Or just get it and ride! Not having a job can really get you down but going for a nice ride always makes ya feel great.

  18. #18
    Senior Member Paul L.'s Avatar
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    I justify mine with the gas prices. I figure I save $40 a week on gas by riding the bike. Lets see 550/40 = 13.75 so you would pay for the bike in saved car expenses inabout 3 months with an extra week. I have commuted by roadbike ever since I realized my commute was basically' just a 20 mile bike ride (and what' a way to start the morning). Anyway, don't know if that helps you rationalize or not but it worked for me. If you lose your job will it be easier to afford a bike or a car? Just a thought.
    Sunrise saturday,
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  19. #19
    Senior Member Avalanche325's Avatar
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    I hate to be too practical here. But, you said the magic words "credit card debt". Take the $550 and pay it on the credit cards. Buy a new bike when the credit card debt is $0. If it is anything else, you really cannot afford a new bike. Then use Paul L's idea to commute (if it is safe in your area, where I live, no) and put those savings into the credit card debt also. When you get those suckers payed off, then start saving (not putting the plastic down) for a bike. You will be sooooooooo much better off in the long run.
    PS. There are alway going to be "last years model" sales. Good luck with the job.

  20. #20
    Nature Worshipper hillyman's Avatar
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    I'm a joker in life but I take the dang ole bills seriously. I say keep the bike in layaway as long as you can and hopefully you will find another job quickly. If not there will always be bike deals down the road. Nothing puts a strain on a marriage like a stack of unpaid bills. Atleast you have a couple other bikes to ride!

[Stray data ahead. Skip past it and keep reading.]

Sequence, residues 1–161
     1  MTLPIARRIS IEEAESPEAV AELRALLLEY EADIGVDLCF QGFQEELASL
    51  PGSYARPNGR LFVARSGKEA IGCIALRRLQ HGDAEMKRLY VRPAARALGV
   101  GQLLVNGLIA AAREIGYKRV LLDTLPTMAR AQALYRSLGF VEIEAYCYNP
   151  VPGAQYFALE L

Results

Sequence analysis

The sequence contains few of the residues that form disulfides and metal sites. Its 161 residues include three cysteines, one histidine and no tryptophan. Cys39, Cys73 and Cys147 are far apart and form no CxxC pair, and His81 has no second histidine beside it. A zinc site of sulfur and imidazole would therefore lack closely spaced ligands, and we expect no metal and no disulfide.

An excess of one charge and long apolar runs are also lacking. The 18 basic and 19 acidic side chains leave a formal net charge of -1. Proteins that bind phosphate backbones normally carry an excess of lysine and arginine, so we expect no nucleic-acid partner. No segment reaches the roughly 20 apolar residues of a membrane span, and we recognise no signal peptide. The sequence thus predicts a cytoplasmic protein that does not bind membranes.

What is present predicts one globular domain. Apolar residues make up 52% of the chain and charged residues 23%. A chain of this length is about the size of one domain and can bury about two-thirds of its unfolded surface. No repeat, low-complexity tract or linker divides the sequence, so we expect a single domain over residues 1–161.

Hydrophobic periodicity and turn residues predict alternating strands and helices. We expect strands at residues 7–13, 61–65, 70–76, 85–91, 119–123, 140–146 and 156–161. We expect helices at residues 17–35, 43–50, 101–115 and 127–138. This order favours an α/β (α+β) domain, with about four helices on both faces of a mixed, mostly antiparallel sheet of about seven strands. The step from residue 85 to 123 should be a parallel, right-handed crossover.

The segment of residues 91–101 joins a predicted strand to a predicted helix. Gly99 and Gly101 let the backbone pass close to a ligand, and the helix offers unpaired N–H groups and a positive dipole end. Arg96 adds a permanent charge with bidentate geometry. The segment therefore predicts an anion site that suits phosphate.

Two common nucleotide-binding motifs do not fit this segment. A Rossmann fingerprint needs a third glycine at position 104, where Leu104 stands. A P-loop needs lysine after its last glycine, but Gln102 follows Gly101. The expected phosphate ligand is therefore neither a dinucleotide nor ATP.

In every walk with Nature one receives far more than he seeks. John Muir

  21. #21
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    It's a wife trick! Take her suggestion and buy the bike and the wrath will come down on you later when she goes shopping and spends even more. Seriously, if I were getting laid off and were bicycle challenged as you say you are, I'd still save the money. This type of sacrifice goes a long way with wives. Then when you're back to work you can feel better about spending $2,000.00 on a much nicer model.

  22. #22
    Don't Believe the Hype RiPHRaPH's Avatar
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    one of the great things about living in the chicagoland area <it ain't the weather> is the employment opportunities. this will turn out great and you will learn how to be conservative, but not completely shut yourself down. you can't put a price on comfort. your mental and physical comfort is important.
    you'll work many hours, days, weeks, years in your life >>>>but getting a bike 55% off only comes once in a lifetime.

    your wife obviously knows the bigger picture here by supporting this purchase. her actions tells me she knows the value of having her man happy. a happy guy is a productive one.
    I have enough words to get me into trouble, but not enough to get me out of trouble.

  23. #23
    Devilmaycare Cycling Fool Allister's Avatar
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    Quote Originally Posted by DEK